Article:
October 24, 2013

We’ve heard it for decades. Weight loss is all about “calories in versus calories out – period!”

But do you know anyone who can eat and drink anything and not put on weight?

How about someone who watches everything they put passed their lips and stays overweight? If it is all about “calories in versus calories out” what’s going on?

There have been plenty of studies where volunteers have been asked to consume thousands of extra calories a day. Some put on a little weight (less than predicted) and some did not. Equally, there have been studies where volunteers have gone on starvation diets where some lost a little weight (less than predicted) and some hardly lost any. One of the reasons is that our bodies vary in their ability to self-regulate weight. Eat more and metabolism goes up to compensate. Eat less and metabolism goes down to compensate. Clever huh?

Here’s a new thought… Weight loss is all about “how your own body absorbs, stores and uses calories – which is completely individual”.

Before we go there, let’s reflect on the beliefs we have formed over our lifetimes:

  1. Weight loss is about calories in versus calories out.
  2. To lose weight, eat less (calories) and exercise more (calories).
  3. To eat less calories, eat less fat because where protein and carbohydrate have only about 4 calories per gram, fat yields about 9 calories a gram.
  4. We’re told to avoid or limit saturated fat.
  5. We’re told to eat plenty of serves of (fat free) cereals and grains – preferably whole grains.
  6. We’re surrounded by “low fat” foods and drink, and eat them in the belief that they are “safe”.

Now let’s get yucky. If you’ve ever suffered diarrhoea, you might recall that “anything you ate didn’t even touch the sides”.  Everything you eat or drink starts its journey in your mouth and travels via a long tube towards your bottom. The tube includes the stomach and intestines – your gut – where various digestive processes occur. Unless or until the food or drink is digested enough to pass through the gut wall, it has no effect on the body. It’s like the food is still outside your body.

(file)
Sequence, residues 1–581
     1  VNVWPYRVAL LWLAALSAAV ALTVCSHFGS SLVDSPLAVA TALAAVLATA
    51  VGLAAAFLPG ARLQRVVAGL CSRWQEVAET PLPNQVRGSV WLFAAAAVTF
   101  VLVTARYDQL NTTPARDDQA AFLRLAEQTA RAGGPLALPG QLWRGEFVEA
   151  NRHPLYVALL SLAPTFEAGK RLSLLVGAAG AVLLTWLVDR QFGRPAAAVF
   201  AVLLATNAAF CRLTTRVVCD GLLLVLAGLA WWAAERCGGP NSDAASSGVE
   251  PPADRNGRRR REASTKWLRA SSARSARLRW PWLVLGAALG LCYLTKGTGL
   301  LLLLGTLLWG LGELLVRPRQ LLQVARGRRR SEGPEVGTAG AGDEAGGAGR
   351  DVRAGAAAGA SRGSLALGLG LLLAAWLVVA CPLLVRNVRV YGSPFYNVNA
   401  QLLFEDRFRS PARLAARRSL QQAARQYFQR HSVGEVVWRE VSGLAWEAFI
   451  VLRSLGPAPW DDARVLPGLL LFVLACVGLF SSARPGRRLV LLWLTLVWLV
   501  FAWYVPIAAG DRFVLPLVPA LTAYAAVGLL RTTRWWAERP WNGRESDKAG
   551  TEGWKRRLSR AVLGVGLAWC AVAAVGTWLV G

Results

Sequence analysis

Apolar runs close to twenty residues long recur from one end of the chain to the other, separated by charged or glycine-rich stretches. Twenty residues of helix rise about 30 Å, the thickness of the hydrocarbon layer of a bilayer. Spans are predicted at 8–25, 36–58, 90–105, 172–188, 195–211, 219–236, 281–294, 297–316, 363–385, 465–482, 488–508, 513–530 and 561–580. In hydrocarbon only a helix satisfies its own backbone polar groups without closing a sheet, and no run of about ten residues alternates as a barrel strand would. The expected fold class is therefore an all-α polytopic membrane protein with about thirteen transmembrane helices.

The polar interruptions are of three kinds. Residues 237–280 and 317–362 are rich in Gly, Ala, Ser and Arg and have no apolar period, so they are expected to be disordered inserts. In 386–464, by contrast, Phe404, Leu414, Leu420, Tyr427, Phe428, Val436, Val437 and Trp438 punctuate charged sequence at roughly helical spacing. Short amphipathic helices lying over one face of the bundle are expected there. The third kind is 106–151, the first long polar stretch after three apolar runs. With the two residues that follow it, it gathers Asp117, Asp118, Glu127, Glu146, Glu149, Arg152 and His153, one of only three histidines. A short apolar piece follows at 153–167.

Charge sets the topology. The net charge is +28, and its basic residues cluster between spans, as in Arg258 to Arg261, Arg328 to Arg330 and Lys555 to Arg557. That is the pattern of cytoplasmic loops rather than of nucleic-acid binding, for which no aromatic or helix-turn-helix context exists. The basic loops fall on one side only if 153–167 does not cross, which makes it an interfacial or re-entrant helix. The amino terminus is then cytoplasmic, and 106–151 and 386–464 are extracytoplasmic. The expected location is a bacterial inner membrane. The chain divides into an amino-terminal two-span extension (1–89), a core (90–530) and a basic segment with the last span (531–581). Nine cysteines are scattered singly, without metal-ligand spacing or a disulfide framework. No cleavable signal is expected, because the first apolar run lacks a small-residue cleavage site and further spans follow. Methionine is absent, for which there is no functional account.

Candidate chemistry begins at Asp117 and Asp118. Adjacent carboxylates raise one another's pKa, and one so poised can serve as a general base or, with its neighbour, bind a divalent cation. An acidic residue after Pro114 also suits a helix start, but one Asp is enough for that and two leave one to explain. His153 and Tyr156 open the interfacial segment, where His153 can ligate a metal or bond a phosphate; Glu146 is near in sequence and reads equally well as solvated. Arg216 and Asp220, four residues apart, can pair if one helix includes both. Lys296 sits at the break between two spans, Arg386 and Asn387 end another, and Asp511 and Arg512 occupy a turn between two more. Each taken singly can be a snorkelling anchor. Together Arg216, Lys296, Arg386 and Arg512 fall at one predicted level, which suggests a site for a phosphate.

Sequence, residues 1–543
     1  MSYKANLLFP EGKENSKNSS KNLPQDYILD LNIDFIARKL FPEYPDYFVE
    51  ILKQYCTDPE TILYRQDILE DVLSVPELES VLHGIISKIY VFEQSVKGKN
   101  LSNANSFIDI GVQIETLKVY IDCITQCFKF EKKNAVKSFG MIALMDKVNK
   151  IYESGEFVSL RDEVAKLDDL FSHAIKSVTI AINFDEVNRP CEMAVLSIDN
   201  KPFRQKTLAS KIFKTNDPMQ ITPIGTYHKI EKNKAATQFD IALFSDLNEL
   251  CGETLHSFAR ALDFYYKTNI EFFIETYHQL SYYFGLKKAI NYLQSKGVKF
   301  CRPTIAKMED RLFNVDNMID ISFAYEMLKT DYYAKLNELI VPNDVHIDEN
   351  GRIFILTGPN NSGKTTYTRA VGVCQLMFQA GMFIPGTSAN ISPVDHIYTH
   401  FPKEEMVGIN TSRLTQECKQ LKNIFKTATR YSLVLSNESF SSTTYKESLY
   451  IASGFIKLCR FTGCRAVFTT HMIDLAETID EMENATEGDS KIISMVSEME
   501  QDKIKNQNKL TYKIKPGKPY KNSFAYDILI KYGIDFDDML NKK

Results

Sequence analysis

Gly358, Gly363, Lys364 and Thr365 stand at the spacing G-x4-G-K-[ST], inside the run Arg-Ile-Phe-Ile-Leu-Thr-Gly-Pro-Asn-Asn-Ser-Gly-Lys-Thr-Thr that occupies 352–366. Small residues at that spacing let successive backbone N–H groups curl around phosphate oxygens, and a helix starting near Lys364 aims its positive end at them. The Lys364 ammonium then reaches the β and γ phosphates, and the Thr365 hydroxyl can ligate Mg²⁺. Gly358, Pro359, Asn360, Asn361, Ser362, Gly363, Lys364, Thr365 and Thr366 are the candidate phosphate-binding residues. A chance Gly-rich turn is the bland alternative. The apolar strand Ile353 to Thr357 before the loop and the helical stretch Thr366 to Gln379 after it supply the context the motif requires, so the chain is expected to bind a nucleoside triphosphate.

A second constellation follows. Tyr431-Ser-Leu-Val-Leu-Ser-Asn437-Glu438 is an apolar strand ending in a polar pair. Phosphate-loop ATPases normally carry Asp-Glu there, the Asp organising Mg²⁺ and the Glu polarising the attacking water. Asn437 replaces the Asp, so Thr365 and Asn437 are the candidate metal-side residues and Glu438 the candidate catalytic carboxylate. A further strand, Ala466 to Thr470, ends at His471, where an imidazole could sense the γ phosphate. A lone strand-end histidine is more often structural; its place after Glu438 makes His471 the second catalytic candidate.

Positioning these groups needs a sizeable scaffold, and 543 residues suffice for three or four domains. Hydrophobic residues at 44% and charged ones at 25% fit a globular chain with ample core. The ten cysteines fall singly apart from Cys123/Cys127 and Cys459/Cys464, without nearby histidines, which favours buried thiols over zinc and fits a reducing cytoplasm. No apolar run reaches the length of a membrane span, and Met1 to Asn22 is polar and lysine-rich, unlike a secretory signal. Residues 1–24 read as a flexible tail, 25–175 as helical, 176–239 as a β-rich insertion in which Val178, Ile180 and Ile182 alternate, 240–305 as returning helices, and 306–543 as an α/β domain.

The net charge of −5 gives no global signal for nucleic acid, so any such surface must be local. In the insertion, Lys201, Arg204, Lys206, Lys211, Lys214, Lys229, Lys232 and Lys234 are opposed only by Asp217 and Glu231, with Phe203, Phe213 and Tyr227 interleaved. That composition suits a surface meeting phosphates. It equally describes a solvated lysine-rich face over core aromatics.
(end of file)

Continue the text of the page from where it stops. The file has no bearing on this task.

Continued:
And so, we know that for food to get absorbed, used or stored as fat there are some steps:

  1. Digestion starts in the mouth and continues in the gut.
  2. The food (now mush) gets absorbed through the gut. Some unabsorbed material passes right through.
  3. The food must be metabolised (used or stored). Be aware that your body actually uses up much more energy metabolising protein than carbohydrate.
  4. If it is not used (for energy and body processes) it is stored as glucose or fat. Our fat storage hormone is insulin – an essential hormone that enables our bodies to self-regulate blood glucose in response to the consumption of carbohydrate. The efficiency of our insulin production and our sensitivity to insulin varies between each of us. The “fat-free” foods and drinks that elevate blood glucose will stimulate insulin production, and potentially fat storage, as well as inhibit fat release. Fat (by itself) does not stimulate the production of insulin.

And so… if you’re keen to lose some weight (body fat), where does all this leave you? Start by recognising that “calories in versus calories out” is a gross simplification. Then recognise that your body might process the components of foods (protein, fat and carbohydrate) and release stored fat differently to other people’s bodies. The rules that work for one person may not work for you. And so you need a process to help you discover the sustainable eating plan that works for your body.

That’s what our Reset Program is designed to do.